Bill Wehrum spent only a year and a half as the Environmental Protection Agency’s (EPA) top air official before announcing plans to resign amid scrutiny over possible violations of federal ethics rules. EPA Administrator Andrew Wheeler did not cite a specific reason for the departure of Wehrum, who as an attorney represented power companies seeking to scale back air pollution rules. But Wehrum has privately expressed concern about how an ongoing House Energy and Commerce Committee probe was affecting his former law firm, Hunton Andrews Kurth. The committee launched an inquiry of Wehrum after it was reported that questions had been raised about his compliance with President Trump’s ethics pledge, which requires political appointees to recuse themselves from specific matters involving their former employers and clients for two years.

FEC Fines Florida-Based Company for Illegal Contribution to Support Rick Scott’s 2018 Campaign
Roll Call – Stephanie Aiken | Published: 6/25/2019

The FEC fined a Florida company for making an illegal campaign contribution to support Rick Scott’s 2018 campaign for the U.S, Senate. The $9,500 fine levied against Ring Power Corp., which sells and leases industrial machinery, represents a rare penalty for a company found to have violated a 75-year-old ban on campaign contributions from federal contractors. Ring Power has received federal contracts and grants since 2007. The New Republican PAC, a Super PAC supporting Scott’s campaign, returned the $50,000 contribution in August, shortly after the Campaign Legal Center filed a complaint.

GOP to Launch New Fundraising Site as Dems Crush the Online Money Game
Politico – Alex Isenstadt | Published: 6/23/2019

Republicans are set to launch a long-awaited, much-delayed online fundraising platform, a move aimed at closing Democrats’ small-donor money advantage ahead of the 2020 election.  WinRed is being billed as the GOP’s answer to the Democratic Party’s ActBlue, which has already amassed over &174 million this year. The new tool is intended to reshape the GOP’s fundraising apparatus by creating a centralized, one-stop shop for online Republican giving, which the party has lacked to this point. Republicans until now have had a factionalized ecosystem of vendors that stymied efforts to unify behind a single fundraising vehicle.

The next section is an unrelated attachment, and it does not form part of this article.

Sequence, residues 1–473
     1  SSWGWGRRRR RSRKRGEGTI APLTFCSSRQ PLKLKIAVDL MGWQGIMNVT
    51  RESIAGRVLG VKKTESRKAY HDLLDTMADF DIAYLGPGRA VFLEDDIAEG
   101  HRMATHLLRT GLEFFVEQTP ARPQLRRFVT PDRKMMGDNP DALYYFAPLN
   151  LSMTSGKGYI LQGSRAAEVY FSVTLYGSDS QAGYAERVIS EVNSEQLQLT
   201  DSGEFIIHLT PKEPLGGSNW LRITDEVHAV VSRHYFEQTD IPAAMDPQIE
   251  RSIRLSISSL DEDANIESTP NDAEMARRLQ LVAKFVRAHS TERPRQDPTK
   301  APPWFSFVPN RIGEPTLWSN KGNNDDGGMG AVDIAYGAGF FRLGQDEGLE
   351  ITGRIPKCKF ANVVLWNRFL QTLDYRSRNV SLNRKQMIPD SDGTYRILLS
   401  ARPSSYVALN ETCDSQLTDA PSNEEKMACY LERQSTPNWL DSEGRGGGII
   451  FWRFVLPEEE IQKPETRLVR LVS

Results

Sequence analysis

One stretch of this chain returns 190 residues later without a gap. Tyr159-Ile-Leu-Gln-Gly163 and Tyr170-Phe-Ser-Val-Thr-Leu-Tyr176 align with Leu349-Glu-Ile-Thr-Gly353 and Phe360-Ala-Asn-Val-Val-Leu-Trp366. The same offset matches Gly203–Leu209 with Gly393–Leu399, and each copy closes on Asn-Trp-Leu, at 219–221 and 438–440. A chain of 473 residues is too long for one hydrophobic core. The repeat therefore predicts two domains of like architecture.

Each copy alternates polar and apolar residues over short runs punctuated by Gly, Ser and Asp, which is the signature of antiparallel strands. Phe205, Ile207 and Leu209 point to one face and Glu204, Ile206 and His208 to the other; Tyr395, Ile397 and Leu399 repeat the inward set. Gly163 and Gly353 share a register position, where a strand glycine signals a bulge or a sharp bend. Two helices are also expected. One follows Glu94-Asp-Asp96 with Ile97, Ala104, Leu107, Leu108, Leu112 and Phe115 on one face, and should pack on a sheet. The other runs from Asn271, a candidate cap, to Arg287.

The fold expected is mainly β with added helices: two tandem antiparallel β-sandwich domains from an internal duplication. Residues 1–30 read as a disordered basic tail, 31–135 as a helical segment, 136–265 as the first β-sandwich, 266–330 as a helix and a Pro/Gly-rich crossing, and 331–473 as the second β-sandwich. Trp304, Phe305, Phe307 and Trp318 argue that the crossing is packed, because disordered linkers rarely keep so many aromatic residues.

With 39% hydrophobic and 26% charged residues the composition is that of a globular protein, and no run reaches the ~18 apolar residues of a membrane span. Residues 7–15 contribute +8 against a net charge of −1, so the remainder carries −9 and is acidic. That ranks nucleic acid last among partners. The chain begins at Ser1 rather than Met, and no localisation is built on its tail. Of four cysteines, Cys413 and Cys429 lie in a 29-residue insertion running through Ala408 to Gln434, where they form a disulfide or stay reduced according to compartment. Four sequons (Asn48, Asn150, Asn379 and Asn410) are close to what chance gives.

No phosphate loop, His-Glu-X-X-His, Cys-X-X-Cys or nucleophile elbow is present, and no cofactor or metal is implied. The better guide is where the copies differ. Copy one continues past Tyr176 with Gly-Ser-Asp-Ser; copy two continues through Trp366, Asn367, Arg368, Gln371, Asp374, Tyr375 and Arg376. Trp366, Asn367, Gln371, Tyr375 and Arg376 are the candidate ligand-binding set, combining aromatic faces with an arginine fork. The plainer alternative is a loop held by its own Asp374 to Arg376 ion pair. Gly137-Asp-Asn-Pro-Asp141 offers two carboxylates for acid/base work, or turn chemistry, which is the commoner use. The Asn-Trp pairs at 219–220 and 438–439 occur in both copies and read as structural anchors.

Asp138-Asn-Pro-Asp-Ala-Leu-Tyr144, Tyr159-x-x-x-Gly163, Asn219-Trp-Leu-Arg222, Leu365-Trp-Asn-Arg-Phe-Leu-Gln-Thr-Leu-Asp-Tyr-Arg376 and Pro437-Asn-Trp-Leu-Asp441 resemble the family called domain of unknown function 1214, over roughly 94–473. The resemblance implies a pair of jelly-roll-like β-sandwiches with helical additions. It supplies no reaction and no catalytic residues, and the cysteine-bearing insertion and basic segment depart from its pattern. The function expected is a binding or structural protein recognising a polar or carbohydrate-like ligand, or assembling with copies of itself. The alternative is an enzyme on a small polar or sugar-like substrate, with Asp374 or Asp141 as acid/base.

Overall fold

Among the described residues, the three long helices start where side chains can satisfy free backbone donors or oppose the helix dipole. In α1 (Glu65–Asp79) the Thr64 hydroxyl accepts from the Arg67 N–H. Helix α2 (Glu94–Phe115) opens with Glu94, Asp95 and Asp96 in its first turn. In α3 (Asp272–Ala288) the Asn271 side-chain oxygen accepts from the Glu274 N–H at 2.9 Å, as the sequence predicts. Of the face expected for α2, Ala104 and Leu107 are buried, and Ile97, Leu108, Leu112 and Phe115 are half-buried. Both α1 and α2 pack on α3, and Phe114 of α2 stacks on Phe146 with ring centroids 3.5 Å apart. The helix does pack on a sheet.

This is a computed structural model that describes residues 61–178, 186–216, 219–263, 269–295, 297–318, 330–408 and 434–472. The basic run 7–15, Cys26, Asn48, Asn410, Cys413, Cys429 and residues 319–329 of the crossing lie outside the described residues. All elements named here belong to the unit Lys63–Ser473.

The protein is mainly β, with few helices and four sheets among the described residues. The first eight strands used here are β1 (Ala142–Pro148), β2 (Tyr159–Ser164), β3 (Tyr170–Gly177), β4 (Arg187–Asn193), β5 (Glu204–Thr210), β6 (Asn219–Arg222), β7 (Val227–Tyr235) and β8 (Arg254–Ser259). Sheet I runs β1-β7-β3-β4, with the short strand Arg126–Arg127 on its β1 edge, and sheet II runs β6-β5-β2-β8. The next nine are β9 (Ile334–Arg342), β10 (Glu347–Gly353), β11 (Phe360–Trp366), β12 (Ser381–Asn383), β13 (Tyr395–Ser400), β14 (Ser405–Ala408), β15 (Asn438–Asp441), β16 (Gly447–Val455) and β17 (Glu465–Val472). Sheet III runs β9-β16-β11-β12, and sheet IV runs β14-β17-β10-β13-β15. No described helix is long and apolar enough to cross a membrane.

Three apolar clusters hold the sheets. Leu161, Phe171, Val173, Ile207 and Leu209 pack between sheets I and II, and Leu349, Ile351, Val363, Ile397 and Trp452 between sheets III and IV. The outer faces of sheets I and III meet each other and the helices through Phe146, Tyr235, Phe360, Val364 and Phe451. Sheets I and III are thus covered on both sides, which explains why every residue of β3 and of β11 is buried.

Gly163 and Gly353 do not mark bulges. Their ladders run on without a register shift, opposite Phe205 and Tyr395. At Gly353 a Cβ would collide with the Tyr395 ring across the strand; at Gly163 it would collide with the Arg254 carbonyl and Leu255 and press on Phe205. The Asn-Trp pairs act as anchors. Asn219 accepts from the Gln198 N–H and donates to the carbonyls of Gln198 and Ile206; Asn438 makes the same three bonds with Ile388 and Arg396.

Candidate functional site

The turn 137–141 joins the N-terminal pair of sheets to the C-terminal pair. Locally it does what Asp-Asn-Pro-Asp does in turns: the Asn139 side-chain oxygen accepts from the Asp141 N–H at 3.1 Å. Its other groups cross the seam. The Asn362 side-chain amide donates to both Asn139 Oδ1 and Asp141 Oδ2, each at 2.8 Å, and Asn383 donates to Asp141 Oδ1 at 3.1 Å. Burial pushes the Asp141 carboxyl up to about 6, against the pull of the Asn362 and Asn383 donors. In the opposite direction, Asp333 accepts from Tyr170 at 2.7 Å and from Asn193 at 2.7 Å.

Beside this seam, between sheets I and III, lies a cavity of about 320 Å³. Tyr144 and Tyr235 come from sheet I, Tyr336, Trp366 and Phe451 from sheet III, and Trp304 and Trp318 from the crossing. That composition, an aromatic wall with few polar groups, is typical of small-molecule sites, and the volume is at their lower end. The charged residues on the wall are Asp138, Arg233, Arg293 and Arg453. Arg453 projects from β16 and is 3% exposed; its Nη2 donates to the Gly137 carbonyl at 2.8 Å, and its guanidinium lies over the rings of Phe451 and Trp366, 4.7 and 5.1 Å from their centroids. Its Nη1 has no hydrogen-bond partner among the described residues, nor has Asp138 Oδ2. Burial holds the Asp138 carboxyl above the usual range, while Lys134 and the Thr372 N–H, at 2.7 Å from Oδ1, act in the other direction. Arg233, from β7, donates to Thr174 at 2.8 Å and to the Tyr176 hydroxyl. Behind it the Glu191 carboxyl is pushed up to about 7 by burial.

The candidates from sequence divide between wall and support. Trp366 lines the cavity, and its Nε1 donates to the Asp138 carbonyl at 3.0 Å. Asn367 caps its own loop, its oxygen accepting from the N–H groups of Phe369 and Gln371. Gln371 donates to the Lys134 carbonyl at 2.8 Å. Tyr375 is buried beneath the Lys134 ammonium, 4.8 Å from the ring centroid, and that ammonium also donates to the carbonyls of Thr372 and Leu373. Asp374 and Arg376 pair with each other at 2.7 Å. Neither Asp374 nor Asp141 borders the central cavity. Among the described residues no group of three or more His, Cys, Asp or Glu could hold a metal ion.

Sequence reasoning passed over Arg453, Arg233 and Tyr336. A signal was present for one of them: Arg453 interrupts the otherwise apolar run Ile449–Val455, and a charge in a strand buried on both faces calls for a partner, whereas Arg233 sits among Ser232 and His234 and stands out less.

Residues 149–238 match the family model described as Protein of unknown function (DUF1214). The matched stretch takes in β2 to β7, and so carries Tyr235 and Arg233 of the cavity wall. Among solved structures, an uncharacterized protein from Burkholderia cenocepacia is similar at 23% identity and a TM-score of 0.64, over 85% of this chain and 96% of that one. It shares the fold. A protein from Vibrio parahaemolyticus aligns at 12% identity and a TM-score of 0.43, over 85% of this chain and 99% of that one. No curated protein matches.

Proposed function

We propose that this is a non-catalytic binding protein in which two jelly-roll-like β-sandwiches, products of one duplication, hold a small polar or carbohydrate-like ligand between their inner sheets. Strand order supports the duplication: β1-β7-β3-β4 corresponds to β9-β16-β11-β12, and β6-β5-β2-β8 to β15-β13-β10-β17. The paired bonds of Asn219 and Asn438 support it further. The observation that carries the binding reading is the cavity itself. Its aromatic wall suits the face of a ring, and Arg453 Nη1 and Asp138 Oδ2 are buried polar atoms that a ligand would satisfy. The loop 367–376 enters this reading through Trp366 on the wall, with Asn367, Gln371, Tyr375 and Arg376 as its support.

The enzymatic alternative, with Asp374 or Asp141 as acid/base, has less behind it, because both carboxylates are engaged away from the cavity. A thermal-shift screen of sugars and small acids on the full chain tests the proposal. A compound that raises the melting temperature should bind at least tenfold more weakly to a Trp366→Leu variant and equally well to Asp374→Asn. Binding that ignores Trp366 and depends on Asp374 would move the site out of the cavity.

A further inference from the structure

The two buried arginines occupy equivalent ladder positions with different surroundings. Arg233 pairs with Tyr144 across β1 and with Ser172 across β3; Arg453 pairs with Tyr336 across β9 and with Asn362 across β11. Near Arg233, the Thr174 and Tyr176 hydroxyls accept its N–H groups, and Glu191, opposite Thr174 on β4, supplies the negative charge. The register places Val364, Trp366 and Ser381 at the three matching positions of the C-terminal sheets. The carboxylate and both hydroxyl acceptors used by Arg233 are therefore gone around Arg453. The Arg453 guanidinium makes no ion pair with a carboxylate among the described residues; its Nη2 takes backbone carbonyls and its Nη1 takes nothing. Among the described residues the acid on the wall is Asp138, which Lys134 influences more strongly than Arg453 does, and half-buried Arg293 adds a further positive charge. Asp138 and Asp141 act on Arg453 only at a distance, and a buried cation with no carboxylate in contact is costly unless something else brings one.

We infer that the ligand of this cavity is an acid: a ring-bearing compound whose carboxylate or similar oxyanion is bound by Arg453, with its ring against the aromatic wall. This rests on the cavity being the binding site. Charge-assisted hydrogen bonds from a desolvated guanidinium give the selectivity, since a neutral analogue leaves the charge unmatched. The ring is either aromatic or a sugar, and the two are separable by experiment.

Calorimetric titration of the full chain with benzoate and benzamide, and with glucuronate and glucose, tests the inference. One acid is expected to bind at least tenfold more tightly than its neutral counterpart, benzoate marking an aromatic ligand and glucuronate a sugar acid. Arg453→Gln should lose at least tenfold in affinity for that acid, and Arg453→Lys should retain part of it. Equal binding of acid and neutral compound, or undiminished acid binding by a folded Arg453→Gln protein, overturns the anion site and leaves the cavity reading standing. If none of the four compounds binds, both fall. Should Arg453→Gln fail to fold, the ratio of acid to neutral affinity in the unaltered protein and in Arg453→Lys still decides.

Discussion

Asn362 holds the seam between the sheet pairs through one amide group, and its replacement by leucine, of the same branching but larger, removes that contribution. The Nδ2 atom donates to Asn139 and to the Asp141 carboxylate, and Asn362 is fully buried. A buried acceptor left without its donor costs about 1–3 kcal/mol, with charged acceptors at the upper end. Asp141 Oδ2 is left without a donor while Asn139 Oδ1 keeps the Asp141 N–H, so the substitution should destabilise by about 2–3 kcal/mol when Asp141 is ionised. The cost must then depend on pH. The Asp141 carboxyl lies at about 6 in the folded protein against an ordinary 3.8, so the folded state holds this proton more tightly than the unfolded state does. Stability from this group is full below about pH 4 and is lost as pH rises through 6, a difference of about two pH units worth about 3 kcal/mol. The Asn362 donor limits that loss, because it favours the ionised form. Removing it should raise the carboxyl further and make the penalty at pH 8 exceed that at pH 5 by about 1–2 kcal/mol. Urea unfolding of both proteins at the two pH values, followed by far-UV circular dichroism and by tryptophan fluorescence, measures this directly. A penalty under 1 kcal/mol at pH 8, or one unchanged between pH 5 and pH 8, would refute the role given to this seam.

Judge: Democrats’ emoluments case against Trump can proceed
San Jose Mercury News – Ann Marimow, Jonathan O’Connell, and Carol Leonnig (Washington Post) | Published: 6/25/2019

Rejecting a request from President Trump, a federal judge cleared the way for nearly 200 Democrats in Congress to continue their lawsuit against him alleging his private business violates an anti-corruption provision of the Constitution. U.S. District Court Judge Emmet Sullivan declined to put the case on hold and said lawmakers could begin seeking financial information, interviews, and other records from the Trump Organization. The administration still can try to delay or block Democrats in Congress from issuing subpoenas for the president’s closely held business information by appealing directly to the U.S. Court of Appeals for the District of Columbia Circuit to intervene.

Mueller to Testify to Congress, Setting Up a Political Spectacle
New York Times – Nicholas Fandos | Published: 6/25/2019

Former special counsel Robert Mueller will testify to Congress in open session on July 17 after being subpoenaed by two committees. Coming nearly three months after the release of his report on Russia’s election interference and possible obstruction of justice by President Trump, Mueller’s testimony has the power to potentially reshape the political landscape around Trump’s re-election campaign and a possible impeachment inquiry by the House. The question is what Mueller will be willing to say. He conducted his work in absolute private, despite incessant attacks by Trump in public and from within the White House, and ultimately issued a lengthy report that raised as many questions as it answered.

Supreme Court Leaves Census Question on Citizenship in Doubt
MSN – Adam Liptak (New York Times) | Published: 6/27/2019

The U.S. Supreme Court sent back to a lower court a case on whether the census should contain a citizenship question, leaving in doubt whether the question would be on the 2020 census. Chief Justice John Roberts, writing for the majority, said the explanation offered by the Trump administration for adding the question – asking whether a person is a citizen – was inadequate. But he left open the possibility that it could provide an adequate answer. Government experts predicted that asking the question would cause many immigrants to refuse to participate in the census, leading to an undercount of about 6.5 million people. That could reduce Democratic representation when congressional districts are allocated in 2021 and affect how hundreds of billions of dollars in federal spending are distributed.